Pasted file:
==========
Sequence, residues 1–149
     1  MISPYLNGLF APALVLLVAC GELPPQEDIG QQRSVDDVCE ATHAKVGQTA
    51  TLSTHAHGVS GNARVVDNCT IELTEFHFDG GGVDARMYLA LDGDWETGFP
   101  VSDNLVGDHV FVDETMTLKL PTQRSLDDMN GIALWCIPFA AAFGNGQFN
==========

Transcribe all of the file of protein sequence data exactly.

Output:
Sequence, residues 1–149
     1  MISPYLNGLF APALVLLVAC GELPPQEDIG QQRSVDDVCE ATHAKVGQTA
    51  TLSTHAHGVS GNARVVDNCT IELTEFHFDG GGVDARMYLA LDGDWETGFP
   101  VSDNLVGDHV FVDETMTLKL PTQRSLDDMN GIALWCIPFA AAFGNGQFN